This episode was, regrettably, the last of BBC2’s Wonderland series, and what a worthy series it’s been, with it’s curtain call one of the most moving documentaries I’ve seen in a long time.
Alzheimer’s surely has to be one of the cruelest of diseases; it robs the sufferer of everything familiar and robs the sufferers’ families of the person they’ve known and loved.
As one remarkable man said of his wife Hilda during this film – succinctly and poetically summing up the hideous effects of Alzheimer’s – “I can’t reach her. She’s gone, disappeared. She’s a lovely little stranger, but that’s all she is now.”
How beautifully put and this was just one poignant moment in a documentary full of them. My eyes weren’t dry from start to finish, but yet again, I marveled at the astounding resilience of people. People such as Tony who has found that though his wife Valerie has Alzheimer’s and is often to be found in her own misty-confused world, their relationship as man and wife has taken on a new depth…
“I certainly don’t feel I’ve lost my wife. Valerie’s still here. In fact, there’s much more kissing now” Tony said with an astoundingly glass-half-full attitude.
And it was that sentiment that was echoed often, especially as the scenes of sufferers and their loved ones singing along to old tunes were played. The Alzheimer’s Society has recognised – though ‘science’ hasn’t per se – that music can have a profoundly positive effect on those with this illness, and judging by the sheer joy that emanated and resounded along with the music, Singing for the Brain clearly works. Even if only for a little while.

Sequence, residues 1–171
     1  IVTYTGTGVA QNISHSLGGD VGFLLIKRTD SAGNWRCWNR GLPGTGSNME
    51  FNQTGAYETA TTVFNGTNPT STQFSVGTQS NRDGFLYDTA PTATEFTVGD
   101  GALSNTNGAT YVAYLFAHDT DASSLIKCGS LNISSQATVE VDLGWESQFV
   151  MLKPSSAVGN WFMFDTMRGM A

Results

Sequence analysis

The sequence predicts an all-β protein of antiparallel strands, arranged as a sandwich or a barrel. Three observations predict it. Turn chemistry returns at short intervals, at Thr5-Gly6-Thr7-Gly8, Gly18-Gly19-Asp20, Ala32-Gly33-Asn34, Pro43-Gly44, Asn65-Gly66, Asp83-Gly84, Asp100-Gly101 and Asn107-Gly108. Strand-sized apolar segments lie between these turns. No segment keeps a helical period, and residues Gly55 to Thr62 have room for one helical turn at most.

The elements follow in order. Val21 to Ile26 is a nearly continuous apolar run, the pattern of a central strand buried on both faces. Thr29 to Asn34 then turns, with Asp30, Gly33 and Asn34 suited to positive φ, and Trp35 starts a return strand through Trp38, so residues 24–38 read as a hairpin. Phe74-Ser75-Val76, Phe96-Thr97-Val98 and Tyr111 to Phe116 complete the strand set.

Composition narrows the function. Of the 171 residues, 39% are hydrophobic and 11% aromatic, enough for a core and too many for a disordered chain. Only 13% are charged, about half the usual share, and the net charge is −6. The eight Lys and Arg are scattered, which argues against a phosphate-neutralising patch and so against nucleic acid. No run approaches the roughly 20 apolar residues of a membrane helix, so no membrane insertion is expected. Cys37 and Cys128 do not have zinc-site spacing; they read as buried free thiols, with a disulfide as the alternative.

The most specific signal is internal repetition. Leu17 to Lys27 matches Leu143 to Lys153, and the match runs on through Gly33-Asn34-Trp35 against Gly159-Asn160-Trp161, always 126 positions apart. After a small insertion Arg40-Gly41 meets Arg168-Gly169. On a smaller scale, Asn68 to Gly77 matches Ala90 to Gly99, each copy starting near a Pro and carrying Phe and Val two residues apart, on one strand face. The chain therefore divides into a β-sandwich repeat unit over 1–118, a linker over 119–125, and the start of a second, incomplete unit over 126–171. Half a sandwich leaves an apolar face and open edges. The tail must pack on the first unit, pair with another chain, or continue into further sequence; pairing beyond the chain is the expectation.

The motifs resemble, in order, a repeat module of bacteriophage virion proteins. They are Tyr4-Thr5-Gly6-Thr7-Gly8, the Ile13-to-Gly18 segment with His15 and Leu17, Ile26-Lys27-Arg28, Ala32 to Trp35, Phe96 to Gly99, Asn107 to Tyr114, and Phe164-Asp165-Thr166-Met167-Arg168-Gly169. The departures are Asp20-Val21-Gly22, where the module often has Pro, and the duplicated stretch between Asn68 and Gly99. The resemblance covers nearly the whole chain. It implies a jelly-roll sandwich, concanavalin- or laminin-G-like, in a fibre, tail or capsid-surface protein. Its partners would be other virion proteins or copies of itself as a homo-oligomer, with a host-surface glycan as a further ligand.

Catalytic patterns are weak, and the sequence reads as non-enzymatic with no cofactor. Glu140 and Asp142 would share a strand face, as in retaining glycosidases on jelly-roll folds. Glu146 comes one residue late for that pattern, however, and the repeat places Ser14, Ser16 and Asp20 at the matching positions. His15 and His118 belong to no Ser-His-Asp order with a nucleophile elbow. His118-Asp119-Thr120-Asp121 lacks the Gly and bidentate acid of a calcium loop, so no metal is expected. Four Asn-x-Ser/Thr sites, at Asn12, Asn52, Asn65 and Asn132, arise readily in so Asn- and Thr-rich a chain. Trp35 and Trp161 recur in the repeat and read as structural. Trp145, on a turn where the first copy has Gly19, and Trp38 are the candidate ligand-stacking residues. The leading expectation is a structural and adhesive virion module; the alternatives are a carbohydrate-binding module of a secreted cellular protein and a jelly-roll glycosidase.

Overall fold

The irony of Alzheimer’s is that though its victims may have little clue what’s going on or who people are, there are some things that are lodged firmly into their undamaged brain cells, and the joy of song seems to be one of them.
Smiles, dancing and singing along were the main order of the day for people who may not even remember who their children are. It was both a joy and painful to see. In fact, joy and pain were in equal measure throughout this film, and the painful parts really did sting. For instance, we saw how Frances is rather afraid of her husband Will, the man she’s loved most of her adult life.
He was verbally abusive and even physically abusive at times, so not unnaturally, Frances was nervous around him but she wrongly surmised that she wasn’t coping well. The worst of it, arguably, was that she knew he could well get very much worse. It really does make you wonder at just how much ordinary people can take when pushed to it.
Joseph Bullman, who made this film, managed to capture little snapshots of lives that’ve been shattered and are being held together by the tenacious glue of love and compassion. Like a windscreen that’s been hit by a stone, the whole thing could come apart at any moment, but while it holds, though the view may be distorted, it keeps out the worst of the weather.
And judging by those we met in Bullman’s film, that glue contains other vital ingredients such as dignity and pride too. What remarkable people.